Where is your information located on the internet? How many databases are your social security number, bank account information, name, and address in? How secure is that information really? Computer encryption is getting better and better every year, but we put ourselves at more risk for identity theft every time we fill out an information form on a website and provide our personal information to a company. Let’s face it. Our personal information and details are out there. It is everywhere.
According to a recent survey of 500 American companies, 55% are not securing your personal data other than credit card information, and 52% are not proactively managing privacy and data protection risks. Another interesting statistic is that 79% of the surveyed companies have reported a data breach and 41% of those reporting five or more data breaches. The threat to our information security is real.
But, there are several ways that we can mitigate our exposure to the possibility of identity theft. Reduce your identity exposure on the internet by…
- Use only one credit card for online purchases, and then monitor that credit card statement very closely every month. By limiting yourself to one “internet” credit card that you only use for online purchases and nothing else, you will limit your exposure to someone stealing your information from a website that is not totally secure. And, I personally never use a debit card online either.
- Do not post any of your personal information like your address and phone number online. Be careful what specifics you tweet or post to your “friends” on the internet. There have been several instances of home burglaries that have been associated with tweets on Twitter when people brag about their vacations.
- Limit the amount of financial transactions over the internet and databases that you give your information to. If you must bank and shop online, try and only use the last four digits of your Social Security number instead of the entire thing. Do not be afraid to balk at providing the entire number for companies if you think that they do not legitimately need the number for reporting to the credit bureaus.
- If you throw away any papers that include bank account numbers, social security numbers, and other information that can be used in a fraud, there is a good chance that the data could end up in the hands of identity thieves. Shred all paper that has any information that could possibly be used by people who might be looking to steal someone’s identity.
- Choose a password that includes both numbers and capital and lower case letters. Passwords that have special characters increase the amount of security exponentially. An eight digit password with only lowercase letters can fairly easily be broken with a brute force attack because there are only 210 billion combinations (2.1 x 10^11 power). Two hundred ten billion sounds like a lot but if you require just two capitalized letters in any two places increase the potential combinations by trillions. Change your passwords every few months, and don’t use the same password for all accounts. And, be sure to always log out of your online accounts.
- Only shop at verified merchants online who only have encrypted websites. Look for a website whose URL address for the store begins with “https”, as opposed to just “http”. If it starts with “https”, then it is a secure website that you can feel comfortable purchasing from. The ‘s’ stands for SSL, the secure sockets layer, the type of encryption between web browsers and sites. Many web browsers will also indicated a secure website with a lock icon in the bottom corner of your web browser.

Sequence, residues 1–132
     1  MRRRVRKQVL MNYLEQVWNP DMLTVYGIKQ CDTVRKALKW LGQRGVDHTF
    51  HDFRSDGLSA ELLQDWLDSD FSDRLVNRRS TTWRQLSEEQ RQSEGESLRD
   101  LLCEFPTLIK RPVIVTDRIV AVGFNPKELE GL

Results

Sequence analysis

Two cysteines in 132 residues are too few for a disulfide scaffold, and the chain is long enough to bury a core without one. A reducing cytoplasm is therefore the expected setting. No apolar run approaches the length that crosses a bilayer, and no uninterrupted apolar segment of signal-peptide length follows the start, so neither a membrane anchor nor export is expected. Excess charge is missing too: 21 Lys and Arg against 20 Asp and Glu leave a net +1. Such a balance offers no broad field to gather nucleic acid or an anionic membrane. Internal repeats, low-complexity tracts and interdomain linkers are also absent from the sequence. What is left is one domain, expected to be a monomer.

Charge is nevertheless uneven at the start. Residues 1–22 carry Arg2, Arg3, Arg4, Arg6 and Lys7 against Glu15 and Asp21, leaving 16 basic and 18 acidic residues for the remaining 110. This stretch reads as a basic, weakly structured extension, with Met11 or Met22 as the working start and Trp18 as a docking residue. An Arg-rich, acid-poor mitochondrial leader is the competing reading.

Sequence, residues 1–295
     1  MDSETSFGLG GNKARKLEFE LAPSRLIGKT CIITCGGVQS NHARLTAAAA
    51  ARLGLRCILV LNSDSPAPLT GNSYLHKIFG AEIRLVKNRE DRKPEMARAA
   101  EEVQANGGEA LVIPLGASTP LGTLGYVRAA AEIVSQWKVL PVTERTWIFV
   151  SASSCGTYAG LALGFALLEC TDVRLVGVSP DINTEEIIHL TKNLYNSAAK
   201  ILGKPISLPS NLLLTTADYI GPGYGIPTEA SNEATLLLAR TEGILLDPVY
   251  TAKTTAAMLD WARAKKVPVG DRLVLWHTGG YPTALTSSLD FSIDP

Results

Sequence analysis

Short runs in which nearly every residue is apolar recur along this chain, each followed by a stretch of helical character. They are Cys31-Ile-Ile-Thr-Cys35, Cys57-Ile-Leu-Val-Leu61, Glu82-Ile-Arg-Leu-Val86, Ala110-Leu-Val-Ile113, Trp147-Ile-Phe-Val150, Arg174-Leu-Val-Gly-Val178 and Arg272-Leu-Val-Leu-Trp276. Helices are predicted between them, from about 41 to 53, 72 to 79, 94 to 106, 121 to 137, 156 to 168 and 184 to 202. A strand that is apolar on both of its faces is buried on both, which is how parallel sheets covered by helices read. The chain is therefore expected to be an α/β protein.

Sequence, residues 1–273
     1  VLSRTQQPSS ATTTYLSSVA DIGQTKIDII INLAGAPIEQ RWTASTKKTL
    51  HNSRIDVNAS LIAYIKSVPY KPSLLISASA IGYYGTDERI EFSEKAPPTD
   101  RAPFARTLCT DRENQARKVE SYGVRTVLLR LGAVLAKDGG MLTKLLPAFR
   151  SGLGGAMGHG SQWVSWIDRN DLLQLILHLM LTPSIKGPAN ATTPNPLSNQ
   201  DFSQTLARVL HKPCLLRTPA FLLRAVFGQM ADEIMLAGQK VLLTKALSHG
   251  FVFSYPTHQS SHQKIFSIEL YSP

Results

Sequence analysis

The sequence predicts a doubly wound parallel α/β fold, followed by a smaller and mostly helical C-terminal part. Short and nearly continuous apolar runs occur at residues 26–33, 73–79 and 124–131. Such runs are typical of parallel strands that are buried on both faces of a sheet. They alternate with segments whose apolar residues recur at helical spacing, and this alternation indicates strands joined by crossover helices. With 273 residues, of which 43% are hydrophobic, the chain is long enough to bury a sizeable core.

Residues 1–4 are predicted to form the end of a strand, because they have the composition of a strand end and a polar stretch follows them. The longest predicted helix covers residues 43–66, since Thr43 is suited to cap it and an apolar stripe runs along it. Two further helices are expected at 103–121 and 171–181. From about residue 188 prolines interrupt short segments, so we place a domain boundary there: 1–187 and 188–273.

- Review your credit report every year. This way you will be able to see if any unknown accounts have been opened in your name or if there are errors on your credit report. One of the best services for this is Fair Issac’s Score Watch® which provides daily monitoring of your Equifax Credit Report and weekly monitoring of your FICO credit score. It also notifies you when you may qualify for better interest rates, delivers alerts when important changes to your score and report are detected, and shows you key factors affecting your FICO score and how lenders view you. Fair Issac is the creator of the FICO score which is the one credit score that almost every lender uses to evaluate your credit worthiness. Another great service from MyFICO.com is individual FICO® scores and credit reports from Equifax or TransUnion. MyFICO.com is the only place that you can get your real FICO credit score. The company sells the service for $15.95 per report which also includes an explanation of the positive and negative factors affecting your current score and access to the FICO Score Simulator which shows you how actions like paying off an existing account may affect your FICO scores.
- Do not carry your Social Security card and other important papers with you if you can help it. Your number should be locked it in a safe. My family has a small fire-safe for documents such as wills, birth certificates, social insurance cards, passports, and other important documents.
- Keep your computers’ virus protection and firewall software that is installed on your computer system current at all times. Make sure that you are using a good virus protection program. You should set it up to run daily or at least weekly scans. It’s also important to check for updates to your virus software. Virus information changes very often, and it is in your best interest to keep it up-to-date.
- Sign up for an identity protection company such as LifeLock. LifeLock provides a proactive identity theft service, specializing in the prevention of identity theft rather than the reporting of it. They even go as far as offer a $1 million dollar guarantee in which they promise to help you with lawyers and the like if you do become a victim of identity theft while using their services.